House Speaker Larry Householder, who famously is from Perry County -- the home of the state's school funding lawsuit -- announced at his year-end press gaggle yesterday that fixing Ohio's exploding voucher crisis will be priority No. 1 next year.
"We have failed badly as far as our report card system and our testing system in this state," he said.
That's quite an admission. And commendable. However, it has also been true forever.
Our system has always been rigged against poor districts because as we now know, the "achievement gap" is explained exclusively as a poverty issue -- and always will be as long as it is standardized tests that states use to measure educational effectiveness.
This isn't anything earth shattering that requires sophisticated statistical analysis. It's just good horse sense.
Look at the list of the lowest performing school districts on state tests in 2005 and look at them today.
They are the same districts.
So why is Householder so concerned about this now? I have a theory that I think will hold up: Now that this rigged report card is affecting his districts, he's starting to realize their awful impact.
What happened is that pro school choice advocates, led by their champion, state Sen. Matt Huffman, R-Lima, reached waaay out over their skis, culminating in this year's budget disaster (which we were first to point at at Innovation Ohio, and I and we had been warning about for years).
So now, districts are losing $60 million more in state aid this November to EdChoice vouchers (vouchers originally meant to "rescue kids from failing schools") than they did last November.
And over the last two years, the number of school buildings -- even in high-performing school districts like Solon, Upper Arlington and Worthington -- has skyrocketed.
While the number of buildings has climbed dramatically from about 9 percent of all school district buildings to more than 1/3 of all buildings in two years, the number of districts that now have to worry about losing state funding to vouchers has simple gone off like the Big Bang.
So now there are 424 of Ohio's 613 school districts with at least one building qualifying for vouchers.
Last year, there were 31! That's right. In two years, the number of districts losing funding to vouchers will jump by more than 13 times!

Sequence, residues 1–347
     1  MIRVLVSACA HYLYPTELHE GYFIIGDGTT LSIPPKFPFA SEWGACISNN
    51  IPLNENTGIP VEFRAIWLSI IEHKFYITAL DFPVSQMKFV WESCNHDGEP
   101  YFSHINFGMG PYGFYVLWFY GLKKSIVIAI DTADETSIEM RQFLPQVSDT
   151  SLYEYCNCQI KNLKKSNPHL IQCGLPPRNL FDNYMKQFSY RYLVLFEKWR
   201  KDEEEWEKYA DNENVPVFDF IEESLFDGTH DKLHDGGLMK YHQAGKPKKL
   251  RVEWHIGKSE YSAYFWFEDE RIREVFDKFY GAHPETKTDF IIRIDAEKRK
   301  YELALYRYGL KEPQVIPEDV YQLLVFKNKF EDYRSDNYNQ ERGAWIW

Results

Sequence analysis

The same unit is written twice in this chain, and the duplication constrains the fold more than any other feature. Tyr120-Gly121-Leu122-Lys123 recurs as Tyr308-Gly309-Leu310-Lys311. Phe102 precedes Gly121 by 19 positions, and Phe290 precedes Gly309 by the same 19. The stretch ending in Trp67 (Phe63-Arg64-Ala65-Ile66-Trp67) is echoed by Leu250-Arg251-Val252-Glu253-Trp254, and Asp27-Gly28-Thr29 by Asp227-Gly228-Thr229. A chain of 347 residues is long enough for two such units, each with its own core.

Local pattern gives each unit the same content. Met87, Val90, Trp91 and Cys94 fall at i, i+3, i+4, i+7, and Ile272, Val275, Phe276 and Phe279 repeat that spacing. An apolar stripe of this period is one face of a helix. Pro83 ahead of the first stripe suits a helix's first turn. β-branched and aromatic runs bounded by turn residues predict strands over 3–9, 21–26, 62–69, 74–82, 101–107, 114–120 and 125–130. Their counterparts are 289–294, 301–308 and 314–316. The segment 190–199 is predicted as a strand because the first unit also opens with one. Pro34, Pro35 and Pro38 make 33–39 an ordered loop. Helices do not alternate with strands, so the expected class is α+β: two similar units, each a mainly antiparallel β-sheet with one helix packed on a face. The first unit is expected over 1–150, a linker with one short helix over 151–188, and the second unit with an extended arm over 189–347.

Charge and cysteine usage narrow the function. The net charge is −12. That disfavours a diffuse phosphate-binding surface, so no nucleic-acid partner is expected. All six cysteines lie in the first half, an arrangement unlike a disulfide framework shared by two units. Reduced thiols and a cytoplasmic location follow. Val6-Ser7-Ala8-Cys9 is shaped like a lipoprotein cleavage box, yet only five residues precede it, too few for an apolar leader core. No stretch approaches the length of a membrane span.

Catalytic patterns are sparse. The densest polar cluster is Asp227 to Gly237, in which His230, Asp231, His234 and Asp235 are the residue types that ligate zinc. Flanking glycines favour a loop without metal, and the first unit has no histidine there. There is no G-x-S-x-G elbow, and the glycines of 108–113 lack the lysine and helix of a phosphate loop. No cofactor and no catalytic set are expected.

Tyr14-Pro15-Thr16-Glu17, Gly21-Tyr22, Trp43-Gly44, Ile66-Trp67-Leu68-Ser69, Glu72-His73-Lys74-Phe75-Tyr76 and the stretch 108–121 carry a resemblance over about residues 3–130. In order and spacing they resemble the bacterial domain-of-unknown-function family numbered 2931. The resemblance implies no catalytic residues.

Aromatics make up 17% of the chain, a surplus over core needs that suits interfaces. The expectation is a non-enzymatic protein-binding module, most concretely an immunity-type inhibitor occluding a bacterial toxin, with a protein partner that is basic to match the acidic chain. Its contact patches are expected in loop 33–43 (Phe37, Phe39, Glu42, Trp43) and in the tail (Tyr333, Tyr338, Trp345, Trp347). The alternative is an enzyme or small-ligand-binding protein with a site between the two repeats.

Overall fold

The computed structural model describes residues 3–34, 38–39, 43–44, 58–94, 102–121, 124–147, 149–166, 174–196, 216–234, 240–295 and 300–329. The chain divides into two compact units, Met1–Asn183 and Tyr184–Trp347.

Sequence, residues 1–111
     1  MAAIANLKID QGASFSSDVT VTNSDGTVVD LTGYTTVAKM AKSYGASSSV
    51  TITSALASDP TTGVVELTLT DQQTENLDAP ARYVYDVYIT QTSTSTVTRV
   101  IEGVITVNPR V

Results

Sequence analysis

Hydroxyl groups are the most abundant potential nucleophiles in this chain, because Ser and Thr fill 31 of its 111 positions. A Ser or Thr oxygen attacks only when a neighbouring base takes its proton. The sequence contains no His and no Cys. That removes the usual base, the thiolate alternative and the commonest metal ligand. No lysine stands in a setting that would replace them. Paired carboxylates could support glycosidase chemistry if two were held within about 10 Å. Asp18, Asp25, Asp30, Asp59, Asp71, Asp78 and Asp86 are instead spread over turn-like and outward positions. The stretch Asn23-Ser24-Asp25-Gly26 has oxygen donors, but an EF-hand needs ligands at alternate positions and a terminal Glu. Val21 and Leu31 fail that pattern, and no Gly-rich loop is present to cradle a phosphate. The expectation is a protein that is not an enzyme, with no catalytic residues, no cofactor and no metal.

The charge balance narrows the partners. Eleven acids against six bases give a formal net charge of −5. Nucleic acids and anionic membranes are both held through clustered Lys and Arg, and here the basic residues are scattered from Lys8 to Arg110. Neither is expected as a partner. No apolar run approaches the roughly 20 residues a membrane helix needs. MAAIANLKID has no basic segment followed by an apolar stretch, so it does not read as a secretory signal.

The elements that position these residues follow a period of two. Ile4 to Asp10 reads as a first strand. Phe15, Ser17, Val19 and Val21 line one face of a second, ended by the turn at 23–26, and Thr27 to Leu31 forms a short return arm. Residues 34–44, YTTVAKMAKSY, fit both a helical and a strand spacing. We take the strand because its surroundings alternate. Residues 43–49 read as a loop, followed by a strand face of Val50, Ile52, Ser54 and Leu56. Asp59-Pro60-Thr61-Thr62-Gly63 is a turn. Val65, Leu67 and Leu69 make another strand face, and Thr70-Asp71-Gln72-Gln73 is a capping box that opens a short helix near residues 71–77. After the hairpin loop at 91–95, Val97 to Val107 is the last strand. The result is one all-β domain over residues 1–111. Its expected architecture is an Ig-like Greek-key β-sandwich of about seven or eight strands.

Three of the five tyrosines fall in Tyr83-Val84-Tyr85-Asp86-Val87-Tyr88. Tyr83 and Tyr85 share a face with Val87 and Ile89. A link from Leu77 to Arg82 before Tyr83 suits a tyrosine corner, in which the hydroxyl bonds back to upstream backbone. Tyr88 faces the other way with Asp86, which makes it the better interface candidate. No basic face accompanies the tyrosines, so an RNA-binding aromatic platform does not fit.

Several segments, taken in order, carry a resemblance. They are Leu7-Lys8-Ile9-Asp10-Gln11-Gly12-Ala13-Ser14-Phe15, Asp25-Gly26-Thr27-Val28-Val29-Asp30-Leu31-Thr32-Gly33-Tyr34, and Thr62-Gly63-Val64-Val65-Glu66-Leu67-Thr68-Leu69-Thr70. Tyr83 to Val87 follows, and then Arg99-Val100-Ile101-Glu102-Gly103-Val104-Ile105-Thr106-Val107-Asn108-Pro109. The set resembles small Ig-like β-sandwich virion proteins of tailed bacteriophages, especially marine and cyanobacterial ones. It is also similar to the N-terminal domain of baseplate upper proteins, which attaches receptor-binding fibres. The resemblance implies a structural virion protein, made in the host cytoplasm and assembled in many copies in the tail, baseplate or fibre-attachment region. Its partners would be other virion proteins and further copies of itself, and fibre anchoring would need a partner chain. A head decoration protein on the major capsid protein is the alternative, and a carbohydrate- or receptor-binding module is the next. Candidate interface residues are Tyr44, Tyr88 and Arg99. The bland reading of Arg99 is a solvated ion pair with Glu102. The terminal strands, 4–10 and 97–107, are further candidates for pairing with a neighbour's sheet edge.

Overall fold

This explosion is extraordinary and in many places a crisis. Why? Because two years ago these districts and their kids lost zero state funding to private, mostly religious schools, Now they lose money -- in some cases significant money.
See, it's not just the kids in the "failing" buildings who lose the state money that's transferred to private, mostly religious schools. It's the kids in the high-performing buildings as well.
Because the transfer comes out of the district's state funding pot, not the offending building's. So every kid in the district loses state funding because of the transfer, not just the kids in the low-performing building. The system punishes the highest-performing kids in the highest-performing buildings just as it does the lowest-performing kids in the lowest-performing buildings.
So now kids in 70 percent of Ohio's school districts are losing state funding to private, mostly religious and completely unaccountable schools.
Remember, even pro-voucher advocates admit that the EdChoice program actually harms student achievement.
If you look at the counties where the relative shift in funding from public to private schools has jumped the most, it's all rural counties -- including Householder's home county.
As you can see, Perry is one of 12 Ohio counties who have seen their state funding to vouchers more than double between November 2017 and November 2019. Ohio has 88 total counties.
It is these rural counties, which can't offset much state revenue loss because they raise so little on property taxes, where EdChoice state funding transfers are just killing districts. This, I think, explains Householder's urgency. It's hurting his community.
All politics is local indeed.
There are many ways of undoing this damage. Not allowing voucher buildings in districts that are high performing overall is one. As is requiring that buildings must be low performing on more than a single report card measure before being voucher eligible. That way kids in the district don't lose state funding because a handful of kids aren't being served in a single district building.
But Householder really nailed what the heart of the issue is: the Report Card and standardized tests. So if he effectively fixes the root problem, kudos.
And while I really don't like what's happened with the voucher explosion this year, if that's what it takes for the state to once and for all put a stake through the heart of the state's rigged, unfair, inaccurate standardized-test-based accountability system?
Well, I'll take it.
It's about time.